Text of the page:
Lenovo tipped to develop phone running powerhouse Samsung Exynos 8870


Companies manufacturing smartphones have dozens of options when it comes to choosing the chips that power them, and despite the presence of some big names in SoC-production, it sounds like more and more of these companies are looking to some less-traditionally-popular alternatives. Last month we heard that Lenovo could be among the phone-makers looking to throw its own hat into the SoC-making ring, but before it gets there, the company may turn to Samsung for a taste of its Exynos action, as rumors suggest Lenovo could launch a handset running the Exynos 8870.

The 8870, as you may recall, is itself a component that still exists only in the realm of rumors, described as a slightly watered-down Exynos 8890 (the chip that will be at the heart of Samsung’s next-gen flagships in certain markets). Rumors from earlier this week mentioned Meizu as an OEM that may be interested in delivering some 8870-based hardware, and now a new report makes the claim that Lenovo intends to do the very same thing.

But for the moment, that’s all we have: no mention of a timetable, nor what else we might be able to expect from this Lenovo handset. Given the depiction of the 8870 as an 8890 operating at a lower clock speed, we’d have to assume that a phone running it will still be a powerful higher-end model, but we’re at a loss for any particular specs.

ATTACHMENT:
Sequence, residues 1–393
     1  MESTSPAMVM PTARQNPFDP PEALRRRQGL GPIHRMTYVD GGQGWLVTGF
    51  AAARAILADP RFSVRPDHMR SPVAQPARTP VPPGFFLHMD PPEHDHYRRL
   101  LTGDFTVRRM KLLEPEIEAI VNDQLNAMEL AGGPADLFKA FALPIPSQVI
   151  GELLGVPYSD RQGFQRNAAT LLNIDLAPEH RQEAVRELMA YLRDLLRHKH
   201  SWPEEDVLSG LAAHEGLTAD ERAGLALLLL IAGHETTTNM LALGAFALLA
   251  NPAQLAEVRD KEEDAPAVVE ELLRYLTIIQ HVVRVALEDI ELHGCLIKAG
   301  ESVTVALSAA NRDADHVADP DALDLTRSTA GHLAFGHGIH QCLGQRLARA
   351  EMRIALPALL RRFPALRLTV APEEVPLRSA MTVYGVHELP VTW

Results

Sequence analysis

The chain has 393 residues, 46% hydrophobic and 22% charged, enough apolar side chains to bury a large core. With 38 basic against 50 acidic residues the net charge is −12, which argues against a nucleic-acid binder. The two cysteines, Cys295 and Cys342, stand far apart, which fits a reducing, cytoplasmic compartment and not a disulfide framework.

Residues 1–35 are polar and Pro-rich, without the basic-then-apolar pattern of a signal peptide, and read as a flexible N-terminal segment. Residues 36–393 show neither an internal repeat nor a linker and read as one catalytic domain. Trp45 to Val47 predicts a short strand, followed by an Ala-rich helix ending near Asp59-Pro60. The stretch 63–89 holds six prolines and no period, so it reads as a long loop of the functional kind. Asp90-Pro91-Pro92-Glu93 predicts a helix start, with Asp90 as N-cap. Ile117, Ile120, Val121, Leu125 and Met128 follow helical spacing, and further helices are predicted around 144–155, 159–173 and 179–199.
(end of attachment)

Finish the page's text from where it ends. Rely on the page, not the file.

Between this rumored smartphone and the teaser for the upcoming K3 Note, is Lenovo angling to move up in the ranks in 2016? Right now it faces stiff competition from both Huawei and Xiaomi, but a lot can change in a year.

Source: i冰宇宙 (Weibo)
Via: Phone Arena

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About The Author
Stephen Schenck
Stephen has been writing about electronics since 2008, which only serves to frustrate him that he waited so long to combine his love of gadgets and his degree in writing. In his spare time, he collects console and arcade game hardware, is a motorcycle enthusiast, and enjoys trapping blue crabs. Stephen's first mobile device was a 624 MHz Dell Axim X30, which he's convinced is still a viable platform. Stephen longs for a market where phones are sold independently of service, and bandwidth is cheap and plentiful; he's not holding his breath. In the meantime, he devours smartphone news and tries to sort out the juicy bits Read more about Stephen Schenck!